Moons don’t generally ‘shrink’, so what’s going on here? The abstract of the research paper speaks of compressional stresses, but the only potential source of compression would seem to be the Earth. It’s known that ‘the crust on the far side is a lot thicker than it is on the near side’, as discussed here.

The moon is still tectonically active, like Earth, generating moonquakes as our planet creates earthquakes, a new study based on Apollo mission data found.

These moonquakes likely happen because the moon is quivering as it shrinks, researchers added.

On Earth, tectonic activity, such as earthquakes and volcanism, results from shuffling of the crust’s tectonic plates driven by the churning of the planet’s molten interior, says Charles Quoi at Space.com.

However, the moon is much smaller than Earth and therefore largely cooled off long ago, so one might not expect much, if any, tectonic activity.

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Lunar evections and the Saros cycle

Posted: May 7, 2019 by oldbrew in Maths, moon, solar system dynamics
Tags:

Credit: Matthew Zimmerman @ English Wikipedia


The Saros cycle can be used to predict eclipses of the Sun and Moon, and is usually defined as 223 lunar synodic months, or about 11 days over 18 years.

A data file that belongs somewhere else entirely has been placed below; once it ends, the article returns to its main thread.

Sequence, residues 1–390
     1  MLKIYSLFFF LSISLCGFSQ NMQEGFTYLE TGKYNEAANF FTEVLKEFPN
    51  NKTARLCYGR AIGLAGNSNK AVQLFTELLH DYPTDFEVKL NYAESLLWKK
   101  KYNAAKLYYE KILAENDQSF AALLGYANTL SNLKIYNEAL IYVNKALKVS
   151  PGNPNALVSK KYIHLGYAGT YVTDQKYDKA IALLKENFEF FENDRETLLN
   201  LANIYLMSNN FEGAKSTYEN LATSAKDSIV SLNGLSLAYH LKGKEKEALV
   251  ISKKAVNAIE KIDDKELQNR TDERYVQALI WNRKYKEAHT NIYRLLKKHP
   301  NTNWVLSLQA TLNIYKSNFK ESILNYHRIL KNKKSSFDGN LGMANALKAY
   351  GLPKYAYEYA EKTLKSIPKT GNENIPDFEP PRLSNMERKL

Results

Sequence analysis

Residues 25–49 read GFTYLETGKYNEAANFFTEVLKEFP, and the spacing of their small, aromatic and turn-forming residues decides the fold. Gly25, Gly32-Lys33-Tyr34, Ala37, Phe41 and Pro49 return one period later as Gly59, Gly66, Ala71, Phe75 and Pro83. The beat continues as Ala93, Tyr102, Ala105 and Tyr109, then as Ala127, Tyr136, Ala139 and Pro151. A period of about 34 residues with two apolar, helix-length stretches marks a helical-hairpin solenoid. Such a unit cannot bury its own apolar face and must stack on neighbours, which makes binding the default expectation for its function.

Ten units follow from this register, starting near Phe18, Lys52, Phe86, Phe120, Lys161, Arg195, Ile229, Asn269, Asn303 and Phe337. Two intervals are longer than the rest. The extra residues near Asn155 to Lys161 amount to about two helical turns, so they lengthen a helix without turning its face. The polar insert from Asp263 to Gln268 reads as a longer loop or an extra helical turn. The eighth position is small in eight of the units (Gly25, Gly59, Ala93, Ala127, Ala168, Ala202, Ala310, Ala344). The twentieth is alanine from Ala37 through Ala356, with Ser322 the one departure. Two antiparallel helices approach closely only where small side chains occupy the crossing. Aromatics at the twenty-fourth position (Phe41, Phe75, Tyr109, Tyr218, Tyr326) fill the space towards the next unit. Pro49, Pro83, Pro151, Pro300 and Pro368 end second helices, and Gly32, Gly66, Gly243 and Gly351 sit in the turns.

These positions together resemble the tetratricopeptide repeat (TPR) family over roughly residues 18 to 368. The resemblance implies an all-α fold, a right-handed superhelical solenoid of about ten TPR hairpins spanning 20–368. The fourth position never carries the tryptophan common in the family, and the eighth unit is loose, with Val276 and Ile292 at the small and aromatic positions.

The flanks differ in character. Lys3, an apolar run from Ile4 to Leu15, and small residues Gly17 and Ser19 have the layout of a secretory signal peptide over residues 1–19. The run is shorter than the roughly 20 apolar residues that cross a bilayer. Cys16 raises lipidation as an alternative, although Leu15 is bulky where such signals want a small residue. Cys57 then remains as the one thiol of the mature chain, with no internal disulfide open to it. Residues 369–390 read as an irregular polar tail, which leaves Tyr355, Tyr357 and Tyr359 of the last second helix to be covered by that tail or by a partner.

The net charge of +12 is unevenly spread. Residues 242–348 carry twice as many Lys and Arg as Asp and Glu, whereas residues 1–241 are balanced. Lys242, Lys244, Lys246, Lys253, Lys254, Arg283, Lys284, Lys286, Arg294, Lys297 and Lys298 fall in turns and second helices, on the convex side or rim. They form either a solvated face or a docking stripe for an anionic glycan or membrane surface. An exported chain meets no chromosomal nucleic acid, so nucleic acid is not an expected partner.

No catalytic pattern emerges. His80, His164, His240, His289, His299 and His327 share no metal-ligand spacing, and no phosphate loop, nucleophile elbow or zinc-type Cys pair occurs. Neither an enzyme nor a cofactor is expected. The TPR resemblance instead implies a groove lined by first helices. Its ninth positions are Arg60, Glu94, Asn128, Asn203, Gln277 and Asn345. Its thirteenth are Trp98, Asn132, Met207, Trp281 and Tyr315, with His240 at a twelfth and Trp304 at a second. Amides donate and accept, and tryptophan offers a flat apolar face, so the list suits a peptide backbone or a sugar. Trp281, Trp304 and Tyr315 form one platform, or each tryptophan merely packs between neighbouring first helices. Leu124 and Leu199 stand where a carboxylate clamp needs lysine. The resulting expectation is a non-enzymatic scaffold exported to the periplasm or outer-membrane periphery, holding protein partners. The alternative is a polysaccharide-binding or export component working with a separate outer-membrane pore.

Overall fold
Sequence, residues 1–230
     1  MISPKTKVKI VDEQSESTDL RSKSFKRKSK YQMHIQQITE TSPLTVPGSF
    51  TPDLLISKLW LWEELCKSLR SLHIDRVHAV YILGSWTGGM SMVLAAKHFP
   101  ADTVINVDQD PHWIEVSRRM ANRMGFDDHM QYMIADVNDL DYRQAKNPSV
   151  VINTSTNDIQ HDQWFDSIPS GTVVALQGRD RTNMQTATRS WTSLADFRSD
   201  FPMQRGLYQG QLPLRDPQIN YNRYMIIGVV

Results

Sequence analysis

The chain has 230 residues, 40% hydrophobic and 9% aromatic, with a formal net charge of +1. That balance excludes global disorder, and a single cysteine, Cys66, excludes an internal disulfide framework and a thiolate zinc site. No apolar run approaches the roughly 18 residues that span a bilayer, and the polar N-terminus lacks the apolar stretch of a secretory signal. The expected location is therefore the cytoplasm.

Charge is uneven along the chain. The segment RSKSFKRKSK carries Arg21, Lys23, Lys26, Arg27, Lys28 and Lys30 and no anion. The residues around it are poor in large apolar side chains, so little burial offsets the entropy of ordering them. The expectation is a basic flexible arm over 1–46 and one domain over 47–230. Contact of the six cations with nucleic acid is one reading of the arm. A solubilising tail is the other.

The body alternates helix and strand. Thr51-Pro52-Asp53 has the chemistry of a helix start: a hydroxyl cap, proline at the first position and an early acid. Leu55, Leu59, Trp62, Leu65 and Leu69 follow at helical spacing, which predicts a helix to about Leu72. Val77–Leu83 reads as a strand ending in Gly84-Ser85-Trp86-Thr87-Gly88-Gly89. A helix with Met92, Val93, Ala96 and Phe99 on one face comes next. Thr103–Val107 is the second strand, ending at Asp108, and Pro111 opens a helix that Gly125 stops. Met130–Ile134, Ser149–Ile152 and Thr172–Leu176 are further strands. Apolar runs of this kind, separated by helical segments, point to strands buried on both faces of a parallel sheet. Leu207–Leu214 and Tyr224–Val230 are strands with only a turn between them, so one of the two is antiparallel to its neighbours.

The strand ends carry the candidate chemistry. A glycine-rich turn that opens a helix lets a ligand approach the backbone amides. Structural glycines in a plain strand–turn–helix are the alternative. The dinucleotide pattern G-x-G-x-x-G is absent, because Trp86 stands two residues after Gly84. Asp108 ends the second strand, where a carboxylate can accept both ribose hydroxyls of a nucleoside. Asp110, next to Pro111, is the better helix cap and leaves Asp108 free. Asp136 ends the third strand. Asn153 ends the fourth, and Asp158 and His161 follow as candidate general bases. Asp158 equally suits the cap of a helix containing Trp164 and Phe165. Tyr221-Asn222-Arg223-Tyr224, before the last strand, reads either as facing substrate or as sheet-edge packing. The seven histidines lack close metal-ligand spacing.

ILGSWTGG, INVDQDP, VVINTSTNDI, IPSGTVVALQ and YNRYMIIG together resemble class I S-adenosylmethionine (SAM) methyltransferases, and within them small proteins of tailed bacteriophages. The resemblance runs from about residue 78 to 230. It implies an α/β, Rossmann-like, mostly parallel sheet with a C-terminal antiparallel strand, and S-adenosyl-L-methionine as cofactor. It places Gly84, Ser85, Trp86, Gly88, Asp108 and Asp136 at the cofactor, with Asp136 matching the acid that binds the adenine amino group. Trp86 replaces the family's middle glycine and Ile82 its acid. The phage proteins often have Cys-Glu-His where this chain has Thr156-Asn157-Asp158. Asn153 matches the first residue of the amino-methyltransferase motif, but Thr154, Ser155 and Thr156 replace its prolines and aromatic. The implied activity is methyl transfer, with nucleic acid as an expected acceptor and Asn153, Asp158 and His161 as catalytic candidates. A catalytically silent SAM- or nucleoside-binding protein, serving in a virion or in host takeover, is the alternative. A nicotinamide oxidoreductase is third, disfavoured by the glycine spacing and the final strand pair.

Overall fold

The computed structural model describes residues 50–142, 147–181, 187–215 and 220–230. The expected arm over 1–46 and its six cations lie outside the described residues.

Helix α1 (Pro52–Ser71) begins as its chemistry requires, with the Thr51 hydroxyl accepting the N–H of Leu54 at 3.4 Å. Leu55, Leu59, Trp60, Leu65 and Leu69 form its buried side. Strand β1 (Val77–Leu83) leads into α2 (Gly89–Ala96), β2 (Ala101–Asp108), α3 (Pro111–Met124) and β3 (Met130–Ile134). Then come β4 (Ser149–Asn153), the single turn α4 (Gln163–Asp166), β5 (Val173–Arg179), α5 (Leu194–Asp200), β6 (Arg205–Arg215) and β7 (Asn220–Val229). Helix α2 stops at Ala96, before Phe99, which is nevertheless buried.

But there are a few other lunar-related periods which can used to arrive at 223.

One Saros cycle can be said to be the difference between the number of:
— anomalistic months and full moon cycles (239 – 16)
— draconic months and draconic years (242 – 19)
— tropical months and tropical years (241 – 18)

That may be fairly well known, but then there are the lunar evections.

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Earth from the Moon [image credit: NASA]


Part 3

To recap, the Lucas series starts: 2, 1, 3, 4, 7, 11, 18, 29 … (adding the last two numbers each time to find the next number in the series).

Note: for clarity, the three parts of this mini-series should be read in order (links below).

Since Part 1 showed that 7 Jupiter-Saturn conjunctions (J-S) = 11 * 13 lunar tropical years (LTY), and from Part 2 we know that 363 LTY = 353 Earth tropical years (TY), these numbers of occurrences can be integrated by applying another multiple of 13: